My one thing I recommend is several zip lock bags to keep all the parts in and together. I like to group the parts together by use and location. Best of Luck on the rebuild.

Bill

My one thing I recommend is several zip lock bags to keep all the parts in and together. I like to group the parts together by use and location. Best of Luck on the rebuild.

Bill

Way ahead of you, I bought a box of big ziplock bags and a sharpie.

Good deal, best of luck with your rebuild. Mine has held up very well with one piston replacement. I keep the valves checked, the gear box and fork oil changed by time on the SenDec timer and good chain and sprockets.

Bill:thumbsup:

Well I didn't have any solvents so i used some new oil from a bottle laying around (10w40) and the exhaust valve furthest away from the exhaust valve leaks alot but nothing from the other 4. I pulled oil filter cover and a bunch of oil filled with shavings came leaking out and it looked like a unicorn jizzed in the oil it was so sparkly. When I took out the bottom oil filter cover bolt it looked worn and had some threads stuck to it. Also the oil bolt on the head was stretched and had some threads stuck to it. This is going to cost me alot more then I expected it to. Well thats what I get for buying a 8 year old bike for $1400 CND that I knew had a blown 2nd gear and a lot of hours.

Edited by jojo1224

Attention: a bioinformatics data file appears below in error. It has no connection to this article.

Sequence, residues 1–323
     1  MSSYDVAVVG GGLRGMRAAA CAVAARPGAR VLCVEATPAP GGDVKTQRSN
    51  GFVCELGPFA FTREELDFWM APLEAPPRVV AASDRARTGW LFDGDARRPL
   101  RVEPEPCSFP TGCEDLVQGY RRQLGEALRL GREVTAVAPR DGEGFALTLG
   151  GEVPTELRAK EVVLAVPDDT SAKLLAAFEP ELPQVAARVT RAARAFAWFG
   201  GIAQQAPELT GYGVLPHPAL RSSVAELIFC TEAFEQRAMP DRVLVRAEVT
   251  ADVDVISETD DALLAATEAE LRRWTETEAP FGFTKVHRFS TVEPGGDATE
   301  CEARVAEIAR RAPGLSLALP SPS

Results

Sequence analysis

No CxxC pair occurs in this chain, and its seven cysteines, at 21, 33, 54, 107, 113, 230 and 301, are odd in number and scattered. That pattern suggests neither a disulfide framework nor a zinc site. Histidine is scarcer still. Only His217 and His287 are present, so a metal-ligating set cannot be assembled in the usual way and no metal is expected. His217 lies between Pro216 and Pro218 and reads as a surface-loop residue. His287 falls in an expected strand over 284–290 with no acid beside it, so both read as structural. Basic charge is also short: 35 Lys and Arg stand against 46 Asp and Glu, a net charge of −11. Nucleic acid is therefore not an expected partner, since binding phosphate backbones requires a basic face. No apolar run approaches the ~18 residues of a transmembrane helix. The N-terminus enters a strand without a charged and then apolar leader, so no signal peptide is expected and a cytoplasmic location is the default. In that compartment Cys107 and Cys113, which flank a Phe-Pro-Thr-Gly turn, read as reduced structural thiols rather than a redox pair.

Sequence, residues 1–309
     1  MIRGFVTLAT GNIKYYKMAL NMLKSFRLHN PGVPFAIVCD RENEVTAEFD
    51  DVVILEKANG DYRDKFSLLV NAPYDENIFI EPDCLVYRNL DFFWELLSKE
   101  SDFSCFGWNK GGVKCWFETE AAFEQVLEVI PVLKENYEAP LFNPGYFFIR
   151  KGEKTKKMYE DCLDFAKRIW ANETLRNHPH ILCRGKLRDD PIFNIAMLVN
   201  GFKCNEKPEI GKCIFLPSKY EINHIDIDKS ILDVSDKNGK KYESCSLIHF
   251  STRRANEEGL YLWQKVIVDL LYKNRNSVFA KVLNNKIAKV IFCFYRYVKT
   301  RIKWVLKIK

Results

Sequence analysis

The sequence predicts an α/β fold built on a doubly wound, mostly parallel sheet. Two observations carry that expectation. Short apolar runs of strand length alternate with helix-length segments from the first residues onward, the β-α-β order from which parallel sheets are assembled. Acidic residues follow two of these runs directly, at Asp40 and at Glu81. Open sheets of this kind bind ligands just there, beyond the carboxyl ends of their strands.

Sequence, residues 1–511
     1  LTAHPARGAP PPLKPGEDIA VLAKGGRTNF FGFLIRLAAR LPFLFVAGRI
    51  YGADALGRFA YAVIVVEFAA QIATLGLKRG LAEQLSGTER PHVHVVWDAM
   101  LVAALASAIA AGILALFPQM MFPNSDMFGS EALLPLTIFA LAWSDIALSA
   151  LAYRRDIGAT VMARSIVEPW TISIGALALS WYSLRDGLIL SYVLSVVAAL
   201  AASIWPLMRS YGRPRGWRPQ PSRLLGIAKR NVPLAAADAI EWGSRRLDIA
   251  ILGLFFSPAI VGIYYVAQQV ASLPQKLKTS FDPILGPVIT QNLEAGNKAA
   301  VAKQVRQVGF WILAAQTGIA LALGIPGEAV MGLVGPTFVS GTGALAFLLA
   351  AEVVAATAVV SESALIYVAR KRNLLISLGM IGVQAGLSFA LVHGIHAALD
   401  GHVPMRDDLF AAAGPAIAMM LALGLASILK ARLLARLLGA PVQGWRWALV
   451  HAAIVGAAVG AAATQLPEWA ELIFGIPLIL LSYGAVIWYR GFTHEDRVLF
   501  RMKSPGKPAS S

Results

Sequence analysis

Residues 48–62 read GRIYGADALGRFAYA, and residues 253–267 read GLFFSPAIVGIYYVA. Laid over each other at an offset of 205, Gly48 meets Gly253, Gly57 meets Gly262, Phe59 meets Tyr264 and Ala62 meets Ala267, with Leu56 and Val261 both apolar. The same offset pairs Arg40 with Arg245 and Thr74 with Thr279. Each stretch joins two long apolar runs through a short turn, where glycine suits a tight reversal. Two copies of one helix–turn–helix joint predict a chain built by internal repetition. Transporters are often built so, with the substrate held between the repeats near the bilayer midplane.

My mom picked up my cylinder from the local dealer and they honed it and said its fine but also said it will smoke and that I should get it bored and replated later on if I plan on keeping the bike. They quoted $305 CND to get it done, is there a cheaper place in Canada that I could ship it to and get it done?

If it's "fine", why would it smoke?

Not sure, I will upload a picture of the cylinder when my mom gets home in 2 hours.

I have not gotten around to take a picture of the cylinder but looking at it I notice marks going vertical that I didn't see before it was honed but my finger nails don't get caught on them. Im in the process of checking the ring gap, the top ring is at .28mm and in spec, 2nd ring is .55mm and out of spec by 5mm, and the 3rd ring is .98mm and way out of spec.

I have hit a snag, I can't get the clutch basket off and also can't get the sprocket off. But I have found out I need a new crank. Who sells one for cheaper then $500?

It is $475.74 from TT for the complete assembly, thats way to much. Is there a cheaper place?

EDIT: It is $465.11 from Cheap Cycle Parts for the same part. It seems after market ones haven't been made for this bike for a while.